It’s been a while since I updated everyone on my novel-that-also-doubles-as-my senior-thesis Rose, but I have the opportunity to do so now. Especially since I can’t do my job search without updating my resume, and I’m waiting to hear back from a couple of people on whether I can use them as references.

Well, if you’ll remember my post on my first thesis meeting, you know I ended up switching to first person and rewriting some of the early chapters to make them darker. Well, this past Wednesday there was another meeting with my advisor and the other student I’m working with (I keep meaning to ask if I can use their real names, but I keep forgetting. Oh well, I think I’ll stick to M, my advisor, and P, the other student I’m working with). They had a lot of suggestions for me:

  • Probably a hold over from writing Reborn City and Video Rage, but I have a tendency to explain the stranger elements of the story. Works great for science fiction, but terrible for horror. So I’m trying not to explain the stranger aspects and let the story tell it through what happens.
  • There are a few comedy elements that I’m trying to cut out. We’ll see how that goes.
  • There are some things I will need to change for the first couple chapters, but that’ll wait for the second draft.
  • Most importantly, I’ve switched to narrating in present tense.

That last one is a big one for me. In a previous post, I mentioned that I probably shouldn’t narrate in present tense because I’m not very good or familiar with it and because I have the tendency to switch back into past tense. I explained that to M, but he insisted that I at least try it. His reasoning was that since I’ve been narrating the story in past tense with a first person narrator this whole time, it’s pretty much assumed that things will turn out for the best (probably true). Putting the story in first person would probably serve to add a little mystery and uncertainty to the story.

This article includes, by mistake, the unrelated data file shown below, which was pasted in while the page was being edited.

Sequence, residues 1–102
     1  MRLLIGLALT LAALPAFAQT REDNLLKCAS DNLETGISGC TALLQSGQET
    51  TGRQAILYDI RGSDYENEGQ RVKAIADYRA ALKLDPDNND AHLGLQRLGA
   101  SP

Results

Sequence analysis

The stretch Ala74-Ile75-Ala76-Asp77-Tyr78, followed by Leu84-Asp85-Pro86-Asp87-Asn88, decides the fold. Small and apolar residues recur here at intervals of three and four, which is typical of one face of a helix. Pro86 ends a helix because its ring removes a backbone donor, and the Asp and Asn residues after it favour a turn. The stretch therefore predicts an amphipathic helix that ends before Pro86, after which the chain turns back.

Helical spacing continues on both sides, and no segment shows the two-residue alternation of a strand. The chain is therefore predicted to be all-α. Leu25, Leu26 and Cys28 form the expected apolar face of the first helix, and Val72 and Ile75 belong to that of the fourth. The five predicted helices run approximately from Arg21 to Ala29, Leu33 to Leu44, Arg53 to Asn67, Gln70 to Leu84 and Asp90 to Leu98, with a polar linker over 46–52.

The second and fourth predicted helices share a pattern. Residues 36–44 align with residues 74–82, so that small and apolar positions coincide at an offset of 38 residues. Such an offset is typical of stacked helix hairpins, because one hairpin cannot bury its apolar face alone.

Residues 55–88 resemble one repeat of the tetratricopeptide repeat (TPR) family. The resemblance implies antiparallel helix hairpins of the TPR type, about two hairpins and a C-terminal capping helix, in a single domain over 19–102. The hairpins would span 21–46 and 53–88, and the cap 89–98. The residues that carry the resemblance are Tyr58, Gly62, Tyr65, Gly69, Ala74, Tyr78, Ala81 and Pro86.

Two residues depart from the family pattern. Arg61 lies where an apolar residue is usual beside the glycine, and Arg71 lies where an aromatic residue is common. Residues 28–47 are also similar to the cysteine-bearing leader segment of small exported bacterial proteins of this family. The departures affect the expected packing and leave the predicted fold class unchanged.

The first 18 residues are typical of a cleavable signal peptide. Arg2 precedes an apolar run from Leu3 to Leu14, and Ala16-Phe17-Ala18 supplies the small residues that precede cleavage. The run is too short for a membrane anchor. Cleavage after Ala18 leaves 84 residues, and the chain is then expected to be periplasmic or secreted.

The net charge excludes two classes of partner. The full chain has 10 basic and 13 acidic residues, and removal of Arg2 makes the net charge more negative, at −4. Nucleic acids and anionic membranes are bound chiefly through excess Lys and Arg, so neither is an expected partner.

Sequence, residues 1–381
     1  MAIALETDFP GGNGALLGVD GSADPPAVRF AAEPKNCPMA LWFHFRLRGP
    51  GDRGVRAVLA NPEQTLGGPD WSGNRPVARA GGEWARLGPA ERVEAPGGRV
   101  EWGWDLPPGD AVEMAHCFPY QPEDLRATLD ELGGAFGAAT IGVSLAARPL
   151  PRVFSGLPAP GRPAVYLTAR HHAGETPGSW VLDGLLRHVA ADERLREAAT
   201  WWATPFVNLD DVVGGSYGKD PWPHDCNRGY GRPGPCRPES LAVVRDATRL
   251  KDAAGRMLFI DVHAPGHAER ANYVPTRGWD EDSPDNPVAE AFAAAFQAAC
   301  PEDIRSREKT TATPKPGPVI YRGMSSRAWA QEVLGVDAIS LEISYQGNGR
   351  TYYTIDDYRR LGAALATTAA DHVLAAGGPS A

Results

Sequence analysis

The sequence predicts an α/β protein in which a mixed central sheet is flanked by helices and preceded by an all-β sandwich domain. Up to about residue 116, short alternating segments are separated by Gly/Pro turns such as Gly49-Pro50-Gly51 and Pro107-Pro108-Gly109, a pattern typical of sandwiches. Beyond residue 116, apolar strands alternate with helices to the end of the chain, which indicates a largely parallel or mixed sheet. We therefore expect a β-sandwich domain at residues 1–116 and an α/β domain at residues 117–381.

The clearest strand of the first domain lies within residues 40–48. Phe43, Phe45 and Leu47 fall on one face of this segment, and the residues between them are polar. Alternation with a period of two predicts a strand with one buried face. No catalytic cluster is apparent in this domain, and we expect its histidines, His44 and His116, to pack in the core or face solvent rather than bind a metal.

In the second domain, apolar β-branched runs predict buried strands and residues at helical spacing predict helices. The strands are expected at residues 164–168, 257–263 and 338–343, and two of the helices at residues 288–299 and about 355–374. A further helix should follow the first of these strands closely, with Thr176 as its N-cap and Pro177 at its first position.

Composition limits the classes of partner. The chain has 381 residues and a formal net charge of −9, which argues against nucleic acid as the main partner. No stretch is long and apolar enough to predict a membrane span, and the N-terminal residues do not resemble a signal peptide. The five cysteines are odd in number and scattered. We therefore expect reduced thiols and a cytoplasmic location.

So I thought, might as well give it a shot. I’d switched from third to first person already, and that had brought about a definite improvement, though I have to work harder to make sure that Rose’s constant state of terror doesn’t start to sound boring. On the other hand, I was already comfortable with writing in the first person. One of my early attempts at writing a novel was in the first person, and for a story written in my early-to-mid teens I did a pretty good job. Writing in the present tense was something I’d hardly ever done before.

So I rewrote parts of Chapter Three to start with, the parts that needed some holes to be plugged so that the story could continue to flow.Then I wrote Chapter Four, and over the past twenty-four hours or so I wrote Chapter Five. Both of those chapters and the parts of Chapter Three I rewrote were written in present tense. And it is weird for me. I don’t know many other authors who write that way, so I don’t have an example to refer back to. I’m basically feeling it out as I go.

But I somehow managed to do it. And it’s been a rather dramatic shift, like the DNA of the story has been altered. I keep thinking back to that scene from the first Sam Raimi Spider-Man film, when Peter Parker’s DNA gets rewritten by spider-DNA, causing his whole self to change. It’s that dramatic a shift, like the whole thing has changed in a very important way while still remaining the same basic story. I don’t think I’ve ever seen anything like it before.

Well, I’ll keep writing it in first-person present tense, hopefully gaining a knack for writing stories like this along the way (it could be useful for a future story). I just hope that when we meet again on Halloween, I don’t have to do another major change to the story. Writing this thing’s been hard enough as it is with just a busy schedule. Writing in unfamiliar styles and with so many new rules or ideas to incorporate certainly makes the job a bit tougher.